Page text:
“Other countries are held out as homes for us. Why is this? Why is it that the people from all other countries are invited to come here, and we are asked to go away? Is it to make room for the refuse population of Europe? Or why is it that the white people of this country desire to get rid of us? Does anyone pretend to deny that this is our country? Or that much of the wealth and prosperity found here is the result of the labor of our hands? Or that our blood and bones have not crimsoned and whitened every battlefield from Maine to Louisiana? Why this desire to get rid of us? Can it be possible that because the nation has robbed us for nearly two and a half centuries, and finding that she can do it no longer and preserve her character among nations, now, out of hatred, wishes to banish, because she cannot continue to rob us? Or why is it? Be patient, and I will tell you. The free people of color have succeeded, in spite of every effort to crush them, and we are today a living refutation of that shameless assertion that we ‘can’t take care of ourselves,’ in a state of freedom.”

Rock points out the hypocrisy of the North in that blacks are acceptable as slaves, but set them free and Northerners want nothing to do with them but colonization:

“The black man is a good fellow while he is a slave and toils for nothing, but the moment he claims his own flesh and blood and bones, he is a most obnoxious creature, and there is a proposition to get rid of him! He is happy while he remains a poor, degraded, ignorant slave, without even the right to his own offspring. While in this condition, the master can ride in the same carriage, sleep in the same bed, and nurse from the same bosom. But give the same slave the right to use his own legs, his hands, his body and his mind, and this happy and desirable creature is instantly transformed into a miserable and loathsome wretch, fit only to be colonized somewhere near the mountains of the moon, or eternally banished from the presence of all civilized beings. You must not lose sight of the fact that it is the emancipated slaves and the free colored man whom it is proposed to remove — not the slave: This country and climate are perfectly adapted to Negro slavery; it is the free black that the air is not good for! What an idea!”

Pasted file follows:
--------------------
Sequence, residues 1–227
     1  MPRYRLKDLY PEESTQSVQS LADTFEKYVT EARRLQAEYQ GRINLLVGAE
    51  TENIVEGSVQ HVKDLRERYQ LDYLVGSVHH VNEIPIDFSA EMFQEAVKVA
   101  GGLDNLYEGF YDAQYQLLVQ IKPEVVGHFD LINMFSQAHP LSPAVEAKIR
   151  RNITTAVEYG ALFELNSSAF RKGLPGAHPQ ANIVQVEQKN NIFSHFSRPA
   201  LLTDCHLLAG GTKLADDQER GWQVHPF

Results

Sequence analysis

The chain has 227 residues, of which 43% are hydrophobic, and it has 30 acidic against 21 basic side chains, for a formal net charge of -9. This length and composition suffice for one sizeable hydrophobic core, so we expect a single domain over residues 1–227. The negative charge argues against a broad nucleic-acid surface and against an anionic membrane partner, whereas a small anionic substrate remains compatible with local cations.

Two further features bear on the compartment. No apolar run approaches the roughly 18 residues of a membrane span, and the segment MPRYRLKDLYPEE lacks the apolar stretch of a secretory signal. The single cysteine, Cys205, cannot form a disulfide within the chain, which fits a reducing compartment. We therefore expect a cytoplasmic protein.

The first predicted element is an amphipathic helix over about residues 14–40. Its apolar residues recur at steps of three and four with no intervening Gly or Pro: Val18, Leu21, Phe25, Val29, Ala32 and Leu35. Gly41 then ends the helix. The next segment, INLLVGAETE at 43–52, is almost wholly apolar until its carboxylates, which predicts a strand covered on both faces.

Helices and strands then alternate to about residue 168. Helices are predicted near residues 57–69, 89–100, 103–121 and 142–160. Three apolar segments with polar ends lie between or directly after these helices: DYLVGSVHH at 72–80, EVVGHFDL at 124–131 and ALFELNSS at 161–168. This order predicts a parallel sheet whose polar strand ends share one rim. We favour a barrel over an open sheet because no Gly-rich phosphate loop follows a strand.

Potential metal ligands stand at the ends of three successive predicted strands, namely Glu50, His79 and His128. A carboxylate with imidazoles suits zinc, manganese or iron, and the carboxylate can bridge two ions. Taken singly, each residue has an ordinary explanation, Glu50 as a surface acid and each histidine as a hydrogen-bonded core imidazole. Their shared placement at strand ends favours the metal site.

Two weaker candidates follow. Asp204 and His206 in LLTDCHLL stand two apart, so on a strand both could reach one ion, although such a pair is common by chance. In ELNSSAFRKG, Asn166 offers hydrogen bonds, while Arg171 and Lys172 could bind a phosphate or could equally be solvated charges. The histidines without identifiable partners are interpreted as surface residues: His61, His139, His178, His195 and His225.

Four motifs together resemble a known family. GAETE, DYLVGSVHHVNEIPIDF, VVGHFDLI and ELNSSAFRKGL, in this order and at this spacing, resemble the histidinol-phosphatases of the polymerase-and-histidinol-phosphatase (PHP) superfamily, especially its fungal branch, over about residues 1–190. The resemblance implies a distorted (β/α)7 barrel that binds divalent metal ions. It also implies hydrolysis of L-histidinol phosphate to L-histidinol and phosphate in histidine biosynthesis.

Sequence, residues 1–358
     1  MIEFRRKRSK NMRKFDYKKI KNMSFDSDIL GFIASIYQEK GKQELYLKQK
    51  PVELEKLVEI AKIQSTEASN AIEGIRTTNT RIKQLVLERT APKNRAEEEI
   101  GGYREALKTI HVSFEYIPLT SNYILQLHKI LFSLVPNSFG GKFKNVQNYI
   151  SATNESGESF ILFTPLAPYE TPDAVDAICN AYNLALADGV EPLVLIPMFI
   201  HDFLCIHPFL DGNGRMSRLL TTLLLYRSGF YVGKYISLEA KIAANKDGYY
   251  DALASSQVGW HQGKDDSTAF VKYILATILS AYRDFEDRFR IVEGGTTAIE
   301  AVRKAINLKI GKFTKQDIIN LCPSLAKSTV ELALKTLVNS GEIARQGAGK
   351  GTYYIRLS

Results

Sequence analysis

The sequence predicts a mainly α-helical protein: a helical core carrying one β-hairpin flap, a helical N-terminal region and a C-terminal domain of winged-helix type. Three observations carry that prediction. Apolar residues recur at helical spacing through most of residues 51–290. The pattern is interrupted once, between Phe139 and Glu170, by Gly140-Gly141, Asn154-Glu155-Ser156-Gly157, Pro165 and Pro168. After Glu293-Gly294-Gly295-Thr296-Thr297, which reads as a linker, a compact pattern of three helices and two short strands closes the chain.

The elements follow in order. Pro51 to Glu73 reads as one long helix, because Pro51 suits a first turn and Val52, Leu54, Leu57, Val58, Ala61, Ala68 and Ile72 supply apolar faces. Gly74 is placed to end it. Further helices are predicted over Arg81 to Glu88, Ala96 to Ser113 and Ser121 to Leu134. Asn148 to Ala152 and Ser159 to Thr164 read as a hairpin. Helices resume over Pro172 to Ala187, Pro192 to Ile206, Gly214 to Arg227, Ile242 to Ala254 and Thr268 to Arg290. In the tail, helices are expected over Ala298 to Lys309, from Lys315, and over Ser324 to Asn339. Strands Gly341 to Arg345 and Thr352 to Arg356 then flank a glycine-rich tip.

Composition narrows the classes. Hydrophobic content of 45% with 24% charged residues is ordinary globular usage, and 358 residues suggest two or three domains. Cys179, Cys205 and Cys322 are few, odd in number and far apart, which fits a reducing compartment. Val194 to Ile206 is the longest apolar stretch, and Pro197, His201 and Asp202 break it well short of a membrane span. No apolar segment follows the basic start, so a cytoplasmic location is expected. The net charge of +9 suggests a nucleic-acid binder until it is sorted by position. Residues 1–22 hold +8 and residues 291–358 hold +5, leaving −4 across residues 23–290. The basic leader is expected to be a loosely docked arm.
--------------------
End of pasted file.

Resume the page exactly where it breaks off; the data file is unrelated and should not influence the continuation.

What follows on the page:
In a final quote Rock explains why he opposes colonization:

“It is true, a great many simpleminded people have been induced to go to Liberia and to Haiti, but, be assured, the more intelligent portion of the colored people will remain here; not because we prefer being oppressed here to being free men in other countries, but we will remain because we believe our future prospects are better here than elsewhere, and because our experience has proved that the greater portion of those who have left this country during the last thirty years have made their condition worse, and would have gladly returned if they could…”

John Rock is just one of many primary sources that reveals the hypocrisy of Northern “antislavery,” in comparison to the benevolent attitude Southerner whites held toward their black neighbors.

Rod O'Barr

Rod O’Barr is retired and lives in Tennessee with his wife of 45 years, Kathy. He has advanced degrees in Philosophy and Theology, and a lifelong interest in history. He is the webmaster of a WWII website and a member of both the Abbeville Institute and the SCV. When not enjoying time with his children he enjoys doing living history at local schools.


  • Chris says:

    I always enjoy the light that gets shed on the glorious South when put in context with the statements of those who lived in the 1800s. There are so many who are ignorant because they do not look to the words spoken during this time, including the words of those who rightly opposed slavery.

  • Mike says:

    I cannot, for the life of me, find this original speech. I looked at The Liberator archives and could not find Mr. Rock’s speech. Could someone respond with a link? I managed to find an earlier version of this speech it seems, but it lacks the same punch.

    • Matt says:

      The issue you are looking for is The Liberator vol. XXXII, no. 7, Feb. 14, 1862. The source I was able to find very useful is The hang up I noticed also spending many days searching for the full speech was the year. 1862 not 1863, a minor and easy enough typo to make but boy does it make tough to find.

      You’ll have to zoom in on the article since the file is an upload of the whole paper. The full speech is lengthy but a good read. Another John Rock speech with a similar tone is found in The Liberator vol. XXX, no. 5, Feb. 3, 1860, through the same web source,

      Hope this helps.

    • billybob says:

      Rodd Obarr doesnt cite his evidence because he made it up.